Heinrichs Discusses Group A, Women's World Cup Draw
Conference Call Quote-Sheet
July 17, 2003
April Heinrichs, U.S. WNT Head Coach
FIFA Women’s World Cup USA 2003 Final Draw.
The U.S. Women’s National Team was drawn into Group A for the FIFA Women’s World Cup USA 2003. Already dubbed the “Group of Death” for this year’s tournament, the U.S. will face off against two of the Top 10 teams in the FIFA Women’s World Rankings in North Korea and Sweden, and will also face African Champion Nigeria. This is what head coach April Heinrichs had to say in a media teleconference Thursday evening.
General reaction to the draw:
After letting it set in, I actually feel like it’s a draw much more similar to the 2000 Olympics where we’ve got four of the best seven or eight teams in the world in our group. It’s a very challenging group. One of the things I like about the draw is that we don’t play these teams regularly. I like facing some teams we haven’t played. If you look at the other three groups, this is probably the toughest.
There is a lot of evidence to suggest that our group is very tough and difficult. Having said that and having been through the draw in 2000, none of us on the U.S. team expect to have an easy time of it. There’s a lot of expectations on our team. We are the home team now. There is a lot of demand of our team. We are the team in the world that tries to carry the torch in the women’s game. If we want to win a World Cup, we have to be able to beat any team.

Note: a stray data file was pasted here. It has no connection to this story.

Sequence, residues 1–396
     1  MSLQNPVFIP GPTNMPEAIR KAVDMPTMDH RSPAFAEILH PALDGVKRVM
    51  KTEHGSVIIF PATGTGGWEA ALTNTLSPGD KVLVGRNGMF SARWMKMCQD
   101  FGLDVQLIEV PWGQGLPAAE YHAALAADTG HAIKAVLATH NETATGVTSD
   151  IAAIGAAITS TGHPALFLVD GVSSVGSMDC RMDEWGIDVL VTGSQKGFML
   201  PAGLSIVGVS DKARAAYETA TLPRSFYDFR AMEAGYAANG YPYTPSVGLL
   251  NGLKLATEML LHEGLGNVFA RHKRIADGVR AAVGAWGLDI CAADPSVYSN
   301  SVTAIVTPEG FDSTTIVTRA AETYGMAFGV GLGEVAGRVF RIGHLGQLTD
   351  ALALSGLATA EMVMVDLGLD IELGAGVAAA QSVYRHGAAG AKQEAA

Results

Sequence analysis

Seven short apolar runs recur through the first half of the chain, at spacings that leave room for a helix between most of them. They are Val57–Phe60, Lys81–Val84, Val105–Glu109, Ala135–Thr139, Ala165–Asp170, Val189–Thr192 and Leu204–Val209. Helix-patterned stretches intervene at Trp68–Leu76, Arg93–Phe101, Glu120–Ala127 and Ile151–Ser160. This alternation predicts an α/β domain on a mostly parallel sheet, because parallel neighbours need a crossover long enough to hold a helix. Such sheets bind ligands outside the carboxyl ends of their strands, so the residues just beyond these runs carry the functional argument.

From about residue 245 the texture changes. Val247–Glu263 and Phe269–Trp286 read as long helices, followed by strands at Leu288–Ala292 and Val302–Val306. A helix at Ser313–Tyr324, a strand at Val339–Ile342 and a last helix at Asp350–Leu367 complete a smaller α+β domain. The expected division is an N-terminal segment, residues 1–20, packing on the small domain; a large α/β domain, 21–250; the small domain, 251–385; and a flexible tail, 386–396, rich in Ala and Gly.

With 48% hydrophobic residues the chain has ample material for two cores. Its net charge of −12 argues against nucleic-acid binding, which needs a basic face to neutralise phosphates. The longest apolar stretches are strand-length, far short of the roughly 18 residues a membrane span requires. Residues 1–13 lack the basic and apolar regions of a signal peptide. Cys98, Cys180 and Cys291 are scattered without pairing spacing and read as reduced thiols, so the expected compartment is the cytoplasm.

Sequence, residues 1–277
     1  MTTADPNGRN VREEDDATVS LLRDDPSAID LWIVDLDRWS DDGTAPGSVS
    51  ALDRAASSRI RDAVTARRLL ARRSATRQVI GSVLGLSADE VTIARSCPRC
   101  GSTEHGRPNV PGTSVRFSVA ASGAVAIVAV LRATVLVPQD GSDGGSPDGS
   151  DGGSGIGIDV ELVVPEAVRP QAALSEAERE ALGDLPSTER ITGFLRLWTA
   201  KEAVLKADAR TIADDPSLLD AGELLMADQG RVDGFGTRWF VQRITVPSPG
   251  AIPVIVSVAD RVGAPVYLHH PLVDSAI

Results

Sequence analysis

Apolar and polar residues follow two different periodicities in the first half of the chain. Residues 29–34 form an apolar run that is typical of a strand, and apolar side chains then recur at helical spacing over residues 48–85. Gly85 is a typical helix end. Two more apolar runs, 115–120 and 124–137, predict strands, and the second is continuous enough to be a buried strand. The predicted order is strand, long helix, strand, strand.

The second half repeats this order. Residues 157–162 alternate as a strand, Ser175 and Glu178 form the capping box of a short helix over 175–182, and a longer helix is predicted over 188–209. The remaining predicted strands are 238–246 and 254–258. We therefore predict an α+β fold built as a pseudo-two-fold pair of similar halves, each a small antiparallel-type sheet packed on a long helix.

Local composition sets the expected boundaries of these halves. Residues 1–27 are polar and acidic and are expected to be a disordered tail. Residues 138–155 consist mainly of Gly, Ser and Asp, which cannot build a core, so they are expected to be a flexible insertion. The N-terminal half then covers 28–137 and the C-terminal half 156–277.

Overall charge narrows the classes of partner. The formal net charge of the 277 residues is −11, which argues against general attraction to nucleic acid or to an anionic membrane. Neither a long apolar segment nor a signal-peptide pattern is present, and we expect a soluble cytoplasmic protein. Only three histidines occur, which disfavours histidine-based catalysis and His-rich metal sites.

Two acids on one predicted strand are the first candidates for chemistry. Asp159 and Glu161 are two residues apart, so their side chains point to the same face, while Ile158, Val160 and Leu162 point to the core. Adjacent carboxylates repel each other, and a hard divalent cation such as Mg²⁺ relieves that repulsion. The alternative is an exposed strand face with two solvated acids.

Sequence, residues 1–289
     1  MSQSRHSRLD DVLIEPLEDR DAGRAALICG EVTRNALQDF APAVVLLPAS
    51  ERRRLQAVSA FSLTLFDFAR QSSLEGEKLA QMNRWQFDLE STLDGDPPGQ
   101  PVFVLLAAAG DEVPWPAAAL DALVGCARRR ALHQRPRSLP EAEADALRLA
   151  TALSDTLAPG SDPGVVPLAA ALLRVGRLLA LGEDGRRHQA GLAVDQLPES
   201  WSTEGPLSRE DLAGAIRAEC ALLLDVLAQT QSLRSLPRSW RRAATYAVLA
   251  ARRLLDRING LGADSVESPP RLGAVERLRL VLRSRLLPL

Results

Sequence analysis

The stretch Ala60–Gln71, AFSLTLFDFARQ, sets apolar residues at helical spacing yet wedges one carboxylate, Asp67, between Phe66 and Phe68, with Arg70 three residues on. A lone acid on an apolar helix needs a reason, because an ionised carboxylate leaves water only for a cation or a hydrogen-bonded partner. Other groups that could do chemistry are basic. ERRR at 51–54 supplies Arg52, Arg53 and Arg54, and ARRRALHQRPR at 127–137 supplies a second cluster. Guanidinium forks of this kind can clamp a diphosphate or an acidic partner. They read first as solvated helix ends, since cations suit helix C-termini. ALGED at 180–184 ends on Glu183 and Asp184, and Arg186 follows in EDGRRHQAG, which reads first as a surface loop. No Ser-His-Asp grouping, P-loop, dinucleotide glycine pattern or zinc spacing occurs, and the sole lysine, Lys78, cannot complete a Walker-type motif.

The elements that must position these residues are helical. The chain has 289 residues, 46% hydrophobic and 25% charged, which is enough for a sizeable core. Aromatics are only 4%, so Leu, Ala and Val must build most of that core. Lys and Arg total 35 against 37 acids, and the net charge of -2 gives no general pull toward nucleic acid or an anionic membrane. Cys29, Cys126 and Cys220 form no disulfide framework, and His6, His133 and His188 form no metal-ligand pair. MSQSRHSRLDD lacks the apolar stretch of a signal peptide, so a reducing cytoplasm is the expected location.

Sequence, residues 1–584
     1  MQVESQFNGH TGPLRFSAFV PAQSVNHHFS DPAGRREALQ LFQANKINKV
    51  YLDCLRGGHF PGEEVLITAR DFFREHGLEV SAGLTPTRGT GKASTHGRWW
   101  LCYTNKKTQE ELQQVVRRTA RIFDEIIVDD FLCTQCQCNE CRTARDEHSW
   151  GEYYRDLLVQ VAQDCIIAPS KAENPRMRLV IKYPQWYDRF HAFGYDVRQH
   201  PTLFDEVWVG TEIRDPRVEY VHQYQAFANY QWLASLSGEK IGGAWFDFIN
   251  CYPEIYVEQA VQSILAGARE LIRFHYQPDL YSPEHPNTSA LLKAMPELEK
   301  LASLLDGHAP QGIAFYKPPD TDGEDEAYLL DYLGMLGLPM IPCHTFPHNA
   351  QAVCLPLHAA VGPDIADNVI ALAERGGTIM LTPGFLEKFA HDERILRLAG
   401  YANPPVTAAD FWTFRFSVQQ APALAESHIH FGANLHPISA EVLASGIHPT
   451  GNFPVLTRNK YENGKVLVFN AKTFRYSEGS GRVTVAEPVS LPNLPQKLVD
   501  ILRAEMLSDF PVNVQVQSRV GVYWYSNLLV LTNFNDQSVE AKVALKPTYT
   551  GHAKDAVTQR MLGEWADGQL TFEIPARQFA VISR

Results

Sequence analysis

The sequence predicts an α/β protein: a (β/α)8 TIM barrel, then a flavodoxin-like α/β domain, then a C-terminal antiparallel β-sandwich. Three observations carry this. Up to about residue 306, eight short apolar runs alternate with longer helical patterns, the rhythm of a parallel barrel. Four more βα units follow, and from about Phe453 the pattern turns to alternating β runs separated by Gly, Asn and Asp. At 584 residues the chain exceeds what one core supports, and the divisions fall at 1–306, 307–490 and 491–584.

Sweden we played as recently as the Algarve Cup. We tied them 1-1 in a game where either team really could have won. Sweden also advanced to the European Championships two summers ago and won the Algarve Cup, which is a tournament that we have come to regard as one of the most difficult to win because of the days rest and the opponents that you are playing. For about two years now, the U.S. team has been saying that this is a team that is on the rise. We’ve had Sweden in our top five or six teams in the world for the last two or three years.